Using a water softener to lower calcium hardness

Lagoony

New member
Oct 17, 2020
2
San Diego
I have a 26,000 gallon plaster pool in San Diego, CA. It's about 2 years old and the calcium hardness has been slowly creeping higher due to evaporation. It's currently at 750 ppm, which is well above the recommendations here. My source water from the tap is about 250 ppm. I've asked around and haven't come across a single person who drains and refills their pool to deal with this issue. A local company that builds and services pools recommends a drain every "5-10 years to deal with old water" which I assume means water that is too high in hardness and CYA. So this leads me to a few different questions..

1. Just how harmful is high calcium hardness? I recently cleaned my Intellichlor IC40 (almost 2 years running without being serviced) and it had scale, but it was less than I expected. I understand that calcium scale will shorten the life of my heater, and contribute to build up along the water line tile. Is that about it? Do I need to worry about the PVC pipes themselves becoming clogged with scale?

2. Based on my water rates, it would cost about $450 to drain the pool and refill with new water (and buy new salt and CYA). Since the incoming water measures at 250 ppm, I'd have to do this about once every 18 months to keep the levels within TFP recommendations. I am loathe to do this, however, since water is a limited resource in these parts, and it just seems like such a waste.

3. I got a quote from one of the water recycling companies that brings a powerful RO filtering system out to your pool to get the hardness down. That would cost me about $1,000 (not including new salt or CYA) with an estimated 15% waste water useage. Although I do care about the environment, the cost difference isn't feasible!

4. I am not terribly familiar with how water softeners work, but one idea I had was to buy one of these stand alone units and then use a pump to force water from the pool through the unit, and do that until I get the hardness down into a reasonable range. The unit I link to below says it will remove 48,000 grains, which I calculate as approximately 31 ppm of calcium hardness in my pool. Does that mean I would then have to backwash and recharge the unit, and then I can do another pass to remove an additional 31 ppm, and continue until I achieve my desired value? Do these things last indefinitely and I can theoretically use the unit for the next 5+ years doing this once a year? If that is the case, it will pay for itself quite quickly and seems like a great solution. I'd love to hear your thoughts on all of the above!! Thanks.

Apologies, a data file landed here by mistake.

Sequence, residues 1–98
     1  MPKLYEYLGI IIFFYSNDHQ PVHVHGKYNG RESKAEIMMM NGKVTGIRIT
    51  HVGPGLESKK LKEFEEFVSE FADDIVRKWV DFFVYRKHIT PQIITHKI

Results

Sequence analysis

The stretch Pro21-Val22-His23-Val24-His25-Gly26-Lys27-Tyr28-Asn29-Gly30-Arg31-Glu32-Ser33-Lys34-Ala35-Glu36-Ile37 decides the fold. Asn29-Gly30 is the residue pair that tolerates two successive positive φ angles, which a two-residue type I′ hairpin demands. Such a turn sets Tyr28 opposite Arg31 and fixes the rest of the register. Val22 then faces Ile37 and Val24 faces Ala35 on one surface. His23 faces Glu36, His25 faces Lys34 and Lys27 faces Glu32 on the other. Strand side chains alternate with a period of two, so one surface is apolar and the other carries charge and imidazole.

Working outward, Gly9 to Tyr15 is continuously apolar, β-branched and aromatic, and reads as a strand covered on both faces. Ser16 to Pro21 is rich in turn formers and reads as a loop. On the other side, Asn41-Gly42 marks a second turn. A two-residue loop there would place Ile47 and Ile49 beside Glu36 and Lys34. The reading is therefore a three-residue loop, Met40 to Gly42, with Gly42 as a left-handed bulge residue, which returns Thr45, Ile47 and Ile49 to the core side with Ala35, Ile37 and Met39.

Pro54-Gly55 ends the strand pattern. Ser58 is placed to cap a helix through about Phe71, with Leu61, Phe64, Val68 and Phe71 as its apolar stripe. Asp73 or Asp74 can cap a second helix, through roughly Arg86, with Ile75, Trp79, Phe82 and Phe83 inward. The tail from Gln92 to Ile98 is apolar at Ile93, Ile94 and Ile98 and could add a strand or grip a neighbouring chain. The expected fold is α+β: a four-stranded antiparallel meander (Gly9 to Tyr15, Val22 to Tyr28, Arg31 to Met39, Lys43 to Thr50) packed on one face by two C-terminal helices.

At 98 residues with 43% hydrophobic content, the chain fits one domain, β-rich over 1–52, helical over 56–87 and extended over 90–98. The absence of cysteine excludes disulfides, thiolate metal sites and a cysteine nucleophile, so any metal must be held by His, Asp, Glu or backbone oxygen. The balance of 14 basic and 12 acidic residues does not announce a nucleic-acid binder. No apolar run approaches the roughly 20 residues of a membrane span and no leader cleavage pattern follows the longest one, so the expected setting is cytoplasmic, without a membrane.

https://www.amazon.com/Aquasure-Har...pY2tSZWRpcmVjdCZkb05vdExvZ0NsaWNrPXRydWU&th=1
 

Texas Splash

Mod Squad
TFP Expert
LifeTime Supporter
Jun 22, 2014
40,929
Texas, San Antonio/Marion, South-Central Area
Pool Size
17888
Surface
Fiberglass
Chlorine
Salt Water Generator
SWG Type
CircuPool RJ-45 Plus
Welcome to TFP! :wave: So your CH is a bit elevated, but still not in a critical range as we have some members who do well with a CH ~1,000 or more. To compensate and keep a healthy "CSI" level (see our PoolMath APP), be sure to keep the pH and TA lower and well managed. CH won't hurt the PVC, but it can accumulate on the pool surfaces and in the SWG cell if the CSI is not controlled.

18-24 months is a fairly common water exchange timeframe for folks in the southwest. Plan for exchanging in the winter when the sun isn't so intense on the plaster.

Not so sure about cycling pool water continuously through the softener since you will encounter regen periods, but softeners are most definitely popular for refills. I myself have a splitter (T-fitting) from my softener to a spigot out back to the pool if needed.

Be sure to visit out Pool Care Basics page and the link below for more info. Enjoy the forum. :swim:

 

Lagoony

New member
Oct 17, 2020
2
San Diego
Thanks for the info! I read further and see that their are some others here who use a softener on their water line (dedicated for the pool) and I will likely go that route, for the future. It sounds like you have a whole house softener and then manually add water to your pool when needed?

My system is currently automated with a float valve for evaporation top-off, but I can add a small softener to that line fairly easily.
 

Texas Splash

Mod Squad
TFP Expert
LifeTime Supporter
Jun 22, 2014
40,929
Texas, San Antonio/Marion, South-Central Area
Pool Size
17888
Surface
Fiberglass
Chlorine
Salt Water Generator
SWG Type
CircuPool RJ-45 Plus
It sounds like you have a whole house softener and then manually add water to your pool when needed?
Correct. If my CH starts to climb too high, I just open the tap (spigot) from my softener to add softened water as needed.
 

Flying Tivo

TFP Guide
Jan 24, 2017
2,796
Monterrey, NL, Mexico
Pool Size
7500
Surface
Plaster
Chlorine
Salt Water Generator
SWG Type
Pentair Intellichlor IC-40
If its costing you 450 a year then its feasible to buy a water softener. I have 350ppm city water. I just installed this one Rheem.
And lowered to 25ppm CH. This is a whole house system(in Mx we dont have regulation for separate water lines).

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